Your work doesn’t need to be published to be protected, and you do not have to display the copyright symbol on your manuscript to have it protected. (One of the reasons there is so much confusion surrounding this issue is that the law changed in the 1970s.)

Since your work is copyrighted from the moment you create it, the existence or validity of your copyright will not be affected if you don’t register the work with the U.S. Copyright Office. (And, in fact, you can register the work after you find infringement and still be afforded all the protections as if you had registered it earlier.)

  1. For shorter works (non-books), publications automatically acquire one-time rights unless specified otherwise in the contract.

The current law puts the burden on the publication to notify the author in writing if it wants to acquire any rights other than one-time rights (that is, the right to publish the work one time). The law also contains termination provisions that allow an author to regain rights she assigned to others, after a specific period.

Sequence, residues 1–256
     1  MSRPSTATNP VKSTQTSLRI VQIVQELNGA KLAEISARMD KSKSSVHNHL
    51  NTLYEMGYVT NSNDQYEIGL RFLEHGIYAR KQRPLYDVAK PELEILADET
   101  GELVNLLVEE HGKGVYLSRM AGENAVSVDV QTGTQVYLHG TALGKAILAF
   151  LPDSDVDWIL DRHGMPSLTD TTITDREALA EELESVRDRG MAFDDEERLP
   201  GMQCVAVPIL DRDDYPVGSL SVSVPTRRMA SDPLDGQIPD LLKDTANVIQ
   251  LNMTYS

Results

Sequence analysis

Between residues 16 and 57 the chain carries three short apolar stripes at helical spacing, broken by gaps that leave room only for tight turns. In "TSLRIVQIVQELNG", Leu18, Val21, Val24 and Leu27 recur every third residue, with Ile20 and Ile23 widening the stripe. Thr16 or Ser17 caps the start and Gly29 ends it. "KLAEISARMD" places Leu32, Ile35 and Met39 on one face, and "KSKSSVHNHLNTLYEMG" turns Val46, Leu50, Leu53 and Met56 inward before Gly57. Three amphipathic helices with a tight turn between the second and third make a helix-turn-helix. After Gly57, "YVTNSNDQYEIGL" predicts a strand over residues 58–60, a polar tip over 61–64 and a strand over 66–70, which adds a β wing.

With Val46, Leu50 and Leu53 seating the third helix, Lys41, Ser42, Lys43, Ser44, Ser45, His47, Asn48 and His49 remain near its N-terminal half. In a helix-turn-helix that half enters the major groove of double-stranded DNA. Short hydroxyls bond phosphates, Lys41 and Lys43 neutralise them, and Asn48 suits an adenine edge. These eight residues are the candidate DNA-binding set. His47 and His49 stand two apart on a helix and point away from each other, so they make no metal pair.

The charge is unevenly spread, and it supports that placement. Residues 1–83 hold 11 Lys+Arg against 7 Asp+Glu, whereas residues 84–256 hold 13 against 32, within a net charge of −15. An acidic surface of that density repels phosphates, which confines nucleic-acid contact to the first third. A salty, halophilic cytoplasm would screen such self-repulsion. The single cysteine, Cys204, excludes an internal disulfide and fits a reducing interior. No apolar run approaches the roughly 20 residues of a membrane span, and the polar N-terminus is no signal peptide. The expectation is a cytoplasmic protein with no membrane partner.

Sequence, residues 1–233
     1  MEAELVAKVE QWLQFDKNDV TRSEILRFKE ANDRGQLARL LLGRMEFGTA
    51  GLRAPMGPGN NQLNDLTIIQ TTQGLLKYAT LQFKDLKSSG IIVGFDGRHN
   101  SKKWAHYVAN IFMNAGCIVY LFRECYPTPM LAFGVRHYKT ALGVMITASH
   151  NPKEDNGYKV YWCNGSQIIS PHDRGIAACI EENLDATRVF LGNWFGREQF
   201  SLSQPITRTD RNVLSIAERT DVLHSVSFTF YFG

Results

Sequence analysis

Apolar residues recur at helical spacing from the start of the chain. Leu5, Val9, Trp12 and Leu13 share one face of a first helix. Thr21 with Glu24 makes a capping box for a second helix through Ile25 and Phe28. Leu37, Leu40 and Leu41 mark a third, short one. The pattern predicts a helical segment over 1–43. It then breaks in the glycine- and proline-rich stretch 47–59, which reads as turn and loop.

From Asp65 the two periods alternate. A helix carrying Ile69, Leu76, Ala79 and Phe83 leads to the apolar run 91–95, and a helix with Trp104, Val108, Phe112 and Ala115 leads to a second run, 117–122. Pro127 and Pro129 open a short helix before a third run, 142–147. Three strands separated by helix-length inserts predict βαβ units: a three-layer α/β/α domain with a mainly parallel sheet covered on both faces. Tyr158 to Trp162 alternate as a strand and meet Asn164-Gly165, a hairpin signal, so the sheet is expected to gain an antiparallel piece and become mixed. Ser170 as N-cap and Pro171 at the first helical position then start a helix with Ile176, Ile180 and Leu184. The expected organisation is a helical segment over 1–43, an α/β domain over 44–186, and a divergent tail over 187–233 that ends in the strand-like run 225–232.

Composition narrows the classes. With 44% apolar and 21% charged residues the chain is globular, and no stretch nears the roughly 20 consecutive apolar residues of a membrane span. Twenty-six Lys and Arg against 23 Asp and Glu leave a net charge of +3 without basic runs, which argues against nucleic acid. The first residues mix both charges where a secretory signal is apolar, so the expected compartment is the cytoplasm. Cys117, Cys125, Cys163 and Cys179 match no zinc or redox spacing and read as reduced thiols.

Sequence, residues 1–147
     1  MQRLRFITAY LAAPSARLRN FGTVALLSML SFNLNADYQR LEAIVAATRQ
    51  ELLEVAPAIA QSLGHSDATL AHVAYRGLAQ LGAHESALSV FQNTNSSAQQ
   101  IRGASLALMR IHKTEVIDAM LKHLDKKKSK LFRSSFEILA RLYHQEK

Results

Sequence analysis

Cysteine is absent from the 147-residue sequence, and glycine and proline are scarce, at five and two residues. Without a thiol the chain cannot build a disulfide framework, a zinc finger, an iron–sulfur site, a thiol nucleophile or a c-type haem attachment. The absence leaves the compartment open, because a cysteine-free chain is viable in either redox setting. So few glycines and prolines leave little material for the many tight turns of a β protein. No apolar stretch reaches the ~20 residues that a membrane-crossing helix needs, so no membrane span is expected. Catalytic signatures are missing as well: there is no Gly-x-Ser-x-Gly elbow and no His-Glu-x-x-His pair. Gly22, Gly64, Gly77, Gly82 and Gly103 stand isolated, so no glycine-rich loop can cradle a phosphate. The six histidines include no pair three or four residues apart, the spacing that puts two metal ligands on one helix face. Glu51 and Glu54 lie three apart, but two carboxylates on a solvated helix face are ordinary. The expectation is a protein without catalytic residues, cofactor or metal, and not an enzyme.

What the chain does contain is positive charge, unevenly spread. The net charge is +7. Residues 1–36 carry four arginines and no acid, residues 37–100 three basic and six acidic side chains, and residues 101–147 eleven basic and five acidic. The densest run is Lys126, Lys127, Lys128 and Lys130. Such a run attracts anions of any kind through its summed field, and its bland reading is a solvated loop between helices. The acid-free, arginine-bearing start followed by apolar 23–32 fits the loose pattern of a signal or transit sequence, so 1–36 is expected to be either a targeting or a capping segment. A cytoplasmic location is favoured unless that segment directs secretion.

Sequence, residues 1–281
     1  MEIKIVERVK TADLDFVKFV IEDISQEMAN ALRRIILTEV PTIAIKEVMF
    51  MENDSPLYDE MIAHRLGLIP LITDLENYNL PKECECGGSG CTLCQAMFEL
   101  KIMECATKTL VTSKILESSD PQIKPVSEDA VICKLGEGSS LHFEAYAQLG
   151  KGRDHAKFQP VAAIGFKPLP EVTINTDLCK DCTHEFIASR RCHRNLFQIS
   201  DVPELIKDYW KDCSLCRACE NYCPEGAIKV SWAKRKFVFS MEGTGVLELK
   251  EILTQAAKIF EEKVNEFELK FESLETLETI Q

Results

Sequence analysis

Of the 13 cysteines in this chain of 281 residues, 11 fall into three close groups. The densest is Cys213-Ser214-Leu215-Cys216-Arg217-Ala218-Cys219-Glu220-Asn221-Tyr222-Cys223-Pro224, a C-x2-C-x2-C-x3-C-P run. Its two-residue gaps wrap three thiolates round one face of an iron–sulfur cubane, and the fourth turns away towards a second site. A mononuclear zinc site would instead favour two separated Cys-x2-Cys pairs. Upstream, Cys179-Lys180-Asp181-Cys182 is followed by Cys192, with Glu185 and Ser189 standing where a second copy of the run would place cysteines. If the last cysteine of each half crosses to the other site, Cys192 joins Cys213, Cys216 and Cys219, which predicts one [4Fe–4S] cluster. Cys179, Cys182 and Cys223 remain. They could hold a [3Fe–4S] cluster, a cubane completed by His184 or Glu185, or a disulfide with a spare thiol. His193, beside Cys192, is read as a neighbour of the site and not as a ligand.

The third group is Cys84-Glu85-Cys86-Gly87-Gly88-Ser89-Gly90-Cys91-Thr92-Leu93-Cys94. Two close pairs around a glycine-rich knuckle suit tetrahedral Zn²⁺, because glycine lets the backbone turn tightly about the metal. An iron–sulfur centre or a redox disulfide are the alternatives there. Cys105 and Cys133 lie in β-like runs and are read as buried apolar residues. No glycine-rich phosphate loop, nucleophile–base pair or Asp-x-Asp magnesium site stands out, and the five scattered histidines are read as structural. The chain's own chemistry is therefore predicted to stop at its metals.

1. Your work cannot accidentally fall into the public domain.

Any published or distributed material on which a copyright has expired is considered to be in the public domain—that is, available for use by any member of the general public without payment to, or permission from, the original author.

It used to be that your work might accidentally fall into the public domain if not protected under copyright or published with the copyright symbol. This is not the case any longer.

  1. Selling various rights to your work doesn’t affect your ownership of the copyright.

Various rights are all part of your copyright, but selling them in no way diminishes your ownership of the actual work. The only way you can give up copyright entirely is if you sign a contract or agreement that stipulates it is a “work for hire.”

  1. You can quote other people’s work in your own work, without permission, as long as you abide by fair use guidelines.

The downside here is that there are no hard-and-fast rules as to what constitutes fair use of a copyrighted work.

The law says that four factors should be considered in determining if a use is fair:

the purpose and character of the use (commercial vs. not-for-profit/educational)

the nature of the copyrighted work

the amount and substantiality of the portion used in relation to the entire quoted work

the effect of the use on the potential market for or value of the quoted work